Paolo Giordano II Orsini, Duke of Bracciano

Probably cast by Johann Jakob Kornmann (called Cormano)

On view at The Met Fifth Avenue in Gallery 542

The duke sports a finely silvered cuirass all’antica decorated with the head of Medusa, emblem of leadership. Expertly cast in one piece, the bronze appears to have retained the original rich black patina on the face and rather bovine neck. The armor was attentively chased. The choice of the alloy would appear to be deliberately coloristic, as the sleeves, collar, and Medusa’s head were left the rich coppery color of the underlying metal. Traces of gold paint in these areas are not original.[1] Particularly striking is the treatment of the ringlets on the crown of the head and the forelock combed in a fashionable style of the early Baroque. The cuirass is pounced, simulating perforated armor and revealing the chest’s anatomy.

Paolo Giordano II Orsini, duke of Bracciano (1596–1656), was a flamboyant character on the Roman cultural scene. His correspondents included Queen Christina of Sweden. He hosted Gian Lorenzo Bernini at his palazzo and frequently visited the sculptor’s atelier. In one of his best-known satires, Orsini refers to the caricatures of his guests that he drew in Bernini’s company.[2] Throughout his life, the duke commissioned a great number of likenesses of himself in different mediums and sizes.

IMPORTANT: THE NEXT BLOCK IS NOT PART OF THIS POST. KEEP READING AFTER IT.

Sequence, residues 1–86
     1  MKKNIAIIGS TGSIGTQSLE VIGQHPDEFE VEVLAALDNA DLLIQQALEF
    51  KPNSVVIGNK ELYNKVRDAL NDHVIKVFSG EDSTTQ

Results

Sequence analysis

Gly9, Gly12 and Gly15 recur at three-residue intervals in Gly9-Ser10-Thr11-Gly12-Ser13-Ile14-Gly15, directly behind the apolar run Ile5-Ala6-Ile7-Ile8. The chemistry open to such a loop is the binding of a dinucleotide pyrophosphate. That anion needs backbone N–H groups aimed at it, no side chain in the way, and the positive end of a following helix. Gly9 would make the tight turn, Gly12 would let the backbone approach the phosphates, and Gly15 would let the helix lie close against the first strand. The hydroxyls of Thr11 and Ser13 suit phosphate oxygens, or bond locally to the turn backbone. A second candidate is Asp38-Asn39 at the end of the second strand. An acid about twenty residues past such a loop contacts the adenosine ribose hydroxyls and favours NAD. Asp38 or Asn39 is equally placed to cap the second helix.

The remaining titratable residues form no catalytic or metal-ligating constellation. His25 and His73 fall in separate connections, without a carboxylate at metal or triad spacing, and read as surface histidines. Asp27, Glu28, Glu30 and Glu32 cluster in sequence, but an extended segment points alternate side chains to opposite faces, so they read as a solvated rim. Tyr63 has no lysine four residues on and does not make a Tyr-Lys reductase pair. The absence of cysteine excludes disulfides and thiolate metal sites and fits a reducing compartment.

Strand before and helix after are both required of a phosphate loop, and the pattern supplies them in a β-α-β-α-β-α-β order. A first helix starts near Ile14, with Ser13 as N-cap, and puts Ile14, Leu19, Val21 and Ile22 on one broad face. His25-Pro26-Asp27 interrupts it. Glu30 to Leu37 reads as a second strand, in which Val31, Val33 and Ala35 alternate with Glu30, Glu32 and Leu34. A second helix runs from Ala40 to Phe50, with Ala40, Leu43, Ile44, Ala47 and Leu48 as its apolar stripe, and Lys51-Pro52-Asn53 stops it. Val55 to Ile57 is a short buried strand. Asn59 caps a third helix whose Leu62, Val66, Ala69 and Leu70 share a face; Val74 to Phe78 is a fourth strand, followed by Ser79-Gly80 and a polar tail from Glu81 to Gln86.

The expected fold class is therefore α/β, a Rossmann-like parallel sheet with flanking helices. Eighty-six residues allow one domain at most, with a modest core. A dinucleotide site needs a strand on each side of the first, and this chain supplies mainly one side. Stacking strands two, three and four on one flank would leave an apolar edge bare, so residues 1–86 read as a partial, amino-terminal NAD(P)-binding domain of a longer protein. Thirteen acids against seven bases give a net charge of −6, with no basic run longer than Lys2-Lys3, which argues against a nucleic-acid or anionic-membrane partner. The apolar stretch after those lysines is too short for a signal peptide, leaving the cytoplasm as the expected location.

The Met’s miniature bust surfaced on the art market in the 1960s. Based on documents of 1623–24 in the Orsini archive, Rudolf Wittkower identified it as that cast by the founder Sebastiano Sebastiani after Bernini’s wax model of Orsini’s head.[3] Two other versions of the miniature are known: in the Plymouth City Museum and Art Gallery and another auctioned in 1979 and now in the Weil collection in St. Louis.[4] They share with the Linsky portrait the same dimensions and classicizing corselet with deep-cut imbricated patterns, but are later casts of lesser quality. Anthony Radcliffe published both in 1978–79 and assigned them to Bernardino Danese, a founder who collaborated with Bernini in 1675.[5] In 1984, after the Linsky bust entered The Met, James David Draper dismissed the Bernini/Sebastiani/Danese attributions, assigning the three small bronzes to the goldsmith and medalist Johann Jakob Kornmann (italianized Cormano), who had made several medals of Orsini’s profile.[6] Draper cited unpublished research by Gisela Rubsamen, who argued that the Bernini/Sebastiani bronze described in the 1623–24 documents must have been a “massive work,” given the 1,050 Roman libbre paid to founder Giacomo Laurenziani to make a second cast in 1624. She also discovered a seventeenth-century engraving of the small bronze that bears an inscription identifying Kornmann as the artist.[7] Recent scholarly attempts to restore a direct correspondence between the three miniatures and the Sebastiani/Laurenziani casts after Bernini’s model are unpersuasive.[8] They overlook the technical specifications clearly stated in the documents, the insightful analyses by Draper and Rubsamen, Bernini’s workshop practices, and the disparate quality of the small busts themselves.